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Author Topic: What does it mean when you say, "I want practices to be fun."?  (Read 2722 times)

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Offline CoachDP

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Re: What does it mean when you say, "I want practices to be fun."?
« Reply #15 on: July 31, 2018, 10:28:05 AM »
No nonsense to some just means they don't allow any tomfoolery while telling the kids how good they were back in 8th grade.

When I announce my list of expectations for my players, I tell them, "There are three things I won't have: shenanigans, tomfoolery and hijinks."  Say it directly with a straight face and see what kind of looks you get on the player's faces.  lol

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Offline Seabass

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Re: What does it mean when you say, "I want practices to be fun."?
« Reply #16 on: July 31, 2018, 10:29:00 AM »
I don't know if our players were ever having "fun" at practice or not but we NEVER struggled with attendance. The only thing I can surmise is they either wanted to be at practice, OR they felt like they had to be at practice in order to keep up. We did get feedback from parents about their belief that we had good practices but I don't know that equated to "fun".

I am 100% certain that kids love to make progress, most of them want to be coached hard (they don't always know that initially) and they love to be challenged. We tried to make that happen everyday.

I know for myself and my staff, when player's were making progress we (coaches) were having fun and the kids knew it.

When a kid knows something is important to you, they tend to want to get that right...unless they think you are a douche.

Offline CoachDP

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Re: What does it mean when you say, "I want practices to be fun."?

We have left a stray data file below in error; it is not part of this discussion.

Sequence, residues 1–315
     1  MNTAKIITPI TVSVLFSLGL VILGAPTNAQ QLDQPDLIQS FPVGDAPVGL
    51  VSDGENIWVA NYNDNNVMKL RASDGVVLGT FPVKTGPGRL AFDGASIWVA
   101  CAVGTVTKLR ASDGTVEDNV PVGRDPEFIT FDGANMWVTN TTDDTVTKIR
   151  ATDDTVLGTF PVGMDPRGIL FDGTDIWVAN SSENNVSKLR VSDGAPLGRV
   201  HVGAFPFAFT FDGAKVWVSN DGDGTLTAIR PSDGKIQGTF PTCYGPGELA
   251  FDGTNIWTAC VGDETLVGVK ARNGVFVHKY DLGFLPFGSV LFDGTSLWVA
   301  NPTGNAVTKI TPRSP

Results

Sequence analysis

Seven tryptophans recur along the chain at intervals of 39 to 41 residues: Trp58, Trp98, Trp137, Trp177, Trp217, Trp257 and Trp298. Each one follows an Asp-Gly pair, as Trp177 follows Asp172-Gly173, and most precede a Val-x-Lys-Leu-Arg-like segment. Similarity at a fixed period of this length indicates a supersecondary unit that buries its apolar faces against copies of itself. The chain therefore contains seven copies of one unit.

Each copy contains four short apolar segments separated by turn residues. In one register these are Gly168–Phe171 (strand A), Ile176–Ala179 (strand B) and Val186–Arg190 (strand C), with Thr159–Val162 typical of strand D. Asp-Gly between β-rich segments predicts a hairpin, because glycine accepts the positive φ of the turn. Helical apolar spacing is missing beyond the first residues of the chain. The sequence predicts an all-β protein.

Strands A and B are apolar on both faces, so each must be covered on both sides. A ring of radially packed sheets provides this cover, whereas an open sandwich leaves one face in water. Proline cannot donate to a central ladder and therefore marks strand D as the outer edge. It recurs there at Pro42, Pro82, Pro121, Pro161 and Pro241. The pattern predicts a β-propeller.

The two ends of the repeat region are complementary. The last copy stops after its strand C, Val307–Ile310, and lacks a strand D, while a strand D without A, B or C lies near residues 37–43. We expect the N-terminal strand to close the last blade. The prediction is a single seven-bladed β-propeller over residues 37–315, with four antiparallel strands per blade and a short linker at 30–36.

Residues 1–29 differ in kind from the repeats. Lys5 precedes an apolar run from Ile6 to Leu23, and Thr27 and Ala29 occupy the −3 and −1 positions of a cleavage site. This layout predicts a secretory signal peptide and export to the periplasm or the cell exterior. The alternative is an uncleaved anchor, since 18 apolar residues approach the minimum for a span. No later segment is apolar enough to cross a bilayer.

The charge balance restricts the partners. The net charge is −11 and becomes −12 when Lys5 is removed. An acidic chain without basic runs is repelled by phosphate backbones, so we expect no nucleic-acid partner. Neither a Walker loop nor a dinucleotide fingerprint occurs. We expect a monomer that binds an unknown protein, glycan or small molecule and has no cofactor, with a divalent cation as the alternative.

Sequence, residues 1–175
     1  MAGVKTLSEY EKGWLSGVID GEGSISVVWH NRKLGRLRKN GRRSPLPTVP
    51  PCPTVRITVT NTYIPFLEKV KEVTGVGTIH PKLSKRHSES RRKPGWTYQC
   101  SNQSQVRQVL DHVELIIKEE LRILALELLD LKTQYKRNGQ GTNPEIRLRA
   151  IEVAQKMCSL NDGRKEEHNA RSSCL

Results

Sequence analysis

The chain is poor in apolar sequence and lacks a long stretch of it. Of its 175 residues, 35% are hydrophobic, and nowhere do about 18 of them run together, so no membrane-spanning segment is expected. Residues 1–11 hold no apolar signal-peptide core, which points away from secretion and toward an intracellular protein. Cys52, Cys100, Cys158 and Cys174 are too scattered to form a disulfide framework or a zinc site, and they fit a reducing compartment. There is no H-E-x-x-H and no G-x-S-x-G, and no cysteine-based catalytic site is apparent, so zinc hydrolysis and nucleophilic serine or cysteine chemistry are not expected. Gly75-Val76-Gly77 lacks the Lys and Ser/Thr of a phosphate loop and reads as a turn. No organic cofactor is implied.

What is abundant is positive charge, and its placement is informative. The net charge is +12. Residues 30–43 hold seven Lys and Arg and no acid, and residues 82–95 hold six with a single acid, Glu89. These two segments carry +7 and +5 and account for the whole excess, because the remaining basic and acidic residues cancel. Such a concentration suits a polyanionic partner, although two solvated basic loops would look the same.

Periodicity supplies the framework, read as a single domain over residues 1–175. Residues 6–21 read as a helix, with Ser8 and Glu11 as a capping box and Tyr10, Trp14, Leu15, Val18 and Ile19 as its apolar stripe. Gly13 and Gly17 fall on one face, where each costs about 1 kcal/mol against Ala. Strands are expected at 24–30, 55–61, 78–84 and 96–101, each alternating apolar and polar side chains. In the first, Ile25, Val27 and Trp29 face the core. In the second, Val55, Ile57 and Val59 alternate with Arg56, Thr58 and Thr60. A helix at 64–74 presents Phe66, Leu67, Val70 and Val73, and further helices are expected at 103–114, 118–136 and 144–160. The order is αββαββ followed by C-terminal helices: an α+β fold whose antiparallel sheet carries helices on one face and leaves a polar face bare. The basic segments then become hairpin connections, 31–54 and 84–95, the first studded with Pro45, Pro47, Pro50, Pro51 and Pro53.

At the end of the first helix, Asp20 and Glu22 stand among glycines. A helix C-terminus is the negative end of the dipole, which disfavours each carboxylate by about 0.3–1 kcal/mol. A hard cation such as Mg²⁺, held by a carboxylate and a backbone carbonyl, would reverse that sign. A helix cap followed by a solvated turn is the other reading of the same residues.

« Reply #17 on: July 31, 2018, 10:33:23 AM »
I am 100% certain that kids love to make progress, most of them want to be coached hard (they don't always know that initially) and they love to be challenged. We tried to make that happen everyday.

Kids are willing to be coached hard when they are confident that you know what you're doing.  As coaches, we are extremely confident in this area.  The problem comes when guys who have no clue make their own attempt at coaching players hard.

--Dave
"The Greater the Teacher, the More Powerful the Player."

The Mission Statement:
"I want to show any young man that he is far tougher than he thinks, that he can accomplish more than what he dreamed and that his work ethic will take him wherever he wants to go." #BattleReady newhope

Offline Vince148

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Re: What does it mean when you say, "I want practices to be fun."?
« Reply #18 on: July 31, 2018, 10:39:53 AM »
Now we're getting to the crux of the matter!

Offline Seabass

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Re: What does it mean when you say, "I want practices to be fun."?
« Reply #19 on: July 31, 2018, 10:53:16 AM »
I was with an org for 2 years where I made the practice plan and ran the first 3 weeks of practice for all 4 teams...MM,JPW,PW and JM. We did it sort of  "Cisar style" where there was a Head position coach for each position and all players at each age level did Indi's/install together.

The first 2 weeks were really high paced and we mixed in some physical challenges along the way to satisfy the "we must condition" crowd.  Prior to the changes, this org ran the slowest, lamest practices you have ever seen. Anyway, the new pace and style was quite a shock to everybody's system.